Church Reform in the Late Middle Ages -- By: Peder Stiansen

Journal: Bibliotheca Sacra
Volume: BSAC 105:418 (Apr 1948)
Article: Church Reform in the Late Middle Ages
Author: Peder Stiansen

Church Reform in the Late Middle Ages

Peder Stiansen

[Editor’s Note: The W. H. Griffith Thomas Memorial lectures for 1948 were delivered by the dean and Professor of Church History in Northern Baptist Theological Seminary of Chicago. This annual Lectureship sponsored by Dallas Theological Seminary Alumni Association had for its general theme in 1949 “Late Medieval Church Reform.” As in years past, it is the intention of Bibliotheca Sacra to reproduce the four lectures which were given in Dallas, Texas, February 24–27, 1948, beginning with the first address in the present number.]

The Middle Ages are generally spoken of as the Dark Ages. Some periods were exceedingly dark, but others were not. And even during periods when the Church was shockingly corrupt, we find some shining lights inside the Church. Outside the Church, we find in the late Middle Ages a great many strong reform movements. Rome called the leaders of these movements heretics; we call them evangelicals.

Many historians tell us that Martin Luther was the reformer who produced the German Reformation. Probably he was more a product of reformation than the cause of it. In the period before the late Middle Ages (i.e., 1300–1500) there were also some very strong reform movements: the Albigenses, the Waldenses, the followers of Peter of Bruys, Henry of Lausanne, Arnold of Brescia and others, but these movements will not be discussed in these lectures.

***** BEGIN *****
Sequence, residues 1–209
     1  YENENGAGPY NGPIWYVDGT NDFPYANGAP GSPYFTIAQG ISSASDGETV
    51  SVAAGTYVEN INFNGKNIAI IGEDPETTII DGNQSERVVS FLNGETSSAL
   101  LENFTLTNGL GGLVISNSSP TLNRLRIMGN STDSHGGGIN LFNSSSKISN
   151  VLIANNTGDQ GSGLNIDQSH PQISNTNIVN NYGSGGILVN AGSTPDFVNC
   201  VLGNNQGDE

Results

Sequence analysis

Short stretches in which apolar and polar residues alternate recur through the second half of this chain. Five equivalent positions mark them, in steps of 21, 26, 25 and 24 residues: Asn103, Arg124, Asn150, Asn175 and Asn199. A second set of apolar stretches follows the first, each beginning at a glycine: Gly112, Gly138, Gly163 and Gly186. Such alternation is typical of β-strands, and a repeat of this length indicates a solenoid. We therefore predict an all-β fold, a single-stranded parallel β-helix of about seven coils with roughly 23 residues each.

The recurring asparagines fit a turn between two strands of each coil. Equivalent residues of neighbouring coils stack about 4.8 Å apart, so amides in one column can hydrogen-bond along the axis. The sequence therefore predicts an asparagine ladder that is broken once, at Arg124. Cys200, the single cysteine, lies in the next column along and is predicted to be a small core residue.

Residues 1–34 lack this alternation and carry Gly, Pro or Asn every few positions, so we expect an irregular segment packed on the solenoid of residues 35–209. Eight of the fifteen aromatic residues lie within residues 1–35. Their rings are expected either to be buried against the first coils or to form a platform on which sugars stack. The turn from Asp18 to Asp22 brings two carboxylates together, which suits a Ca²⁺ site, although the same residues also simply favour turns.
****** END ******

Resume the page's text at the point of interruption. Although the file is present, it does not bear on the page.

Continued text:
Opposition to Roman Catholicism

Introduction. The New Testament Church goes back to Jesus and His apostles. “Upon this rock I will build my Church,” Jesus said to Peter. The Church was His and He was its builder. The organization of the apostolic churches seems to have been very simple and very natural. Local

churches sprang up wherever a group of disciples was found, and while they did not have much of an organization, there were some characteristics which seem to be common to them. Of these may be mentioned the following: (1) Regenerate Church Membership. Only those who through personal faith accepted Jesus Christ as Saviour and Lord became members of the church, and they confessed their faith in baptism. (2) Universal Priesthood of Believers. The churches did not take over the specific priesthood of Judaism, but every believer became a priest; he had direct access to God through Jesus Christ. (3) A Plain Ministry. Those who ministered inside of the churches filled a definite need. “Seven men of good report” had charge of the charities (they were called deacons) and elders, presbyters or bishops, were overseers of the spiritual needs of the members, but they did not constitute a sacerdotal class. They were m...

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